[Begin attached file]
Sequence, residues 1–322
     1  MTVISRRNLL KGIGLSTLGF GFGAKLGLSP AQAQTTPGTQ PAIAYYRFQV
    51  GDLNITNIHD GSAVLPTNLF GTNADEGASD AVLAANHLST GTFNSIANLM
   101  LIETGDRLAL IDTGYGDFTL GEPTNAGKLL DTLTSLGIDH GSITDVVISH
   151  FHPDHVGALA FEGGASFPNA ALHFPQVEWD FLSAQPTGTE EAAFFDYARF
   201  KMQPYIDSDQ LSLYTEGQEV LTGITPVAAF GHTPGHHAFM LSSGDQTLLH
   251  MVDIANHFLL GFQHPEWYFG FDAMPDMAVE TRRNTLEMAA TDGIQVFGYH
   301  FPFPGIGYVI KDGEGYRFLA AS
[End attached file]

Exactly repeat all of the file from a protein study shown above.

Sequence, residues 1–322
     1  MTVISRRNLL KGIGLSTLGF GFGAKLGLSP AQAQTTPGTQ PAIAYYRFQV
    51  GDLNITNIHD GSAVLPTNLF GTNADEGASD AVLAANHLST GTFNSIANLM
   101  LIETGDRLAL IDTGYGDFTL GEPTNAGKLL DTLTSLGIDH GSITDVVISH
   151  FHPDHVGALA FEGGASFPNA ALHFPQVEWD FLSAQPTGTE EAAFFDYARF
   201  KMQPYIDSDQ LSLYTEGQEV LTGITPVAAF GHTPGHHAFM LSSGDQTLLH
   251  MVDIANHFLL GFQHPEWYFG FDAMPDMAVE TRRNTLEMAA TDGIQVFGYH
   301  FPFPGIGYVI KDGEGYRFLA AS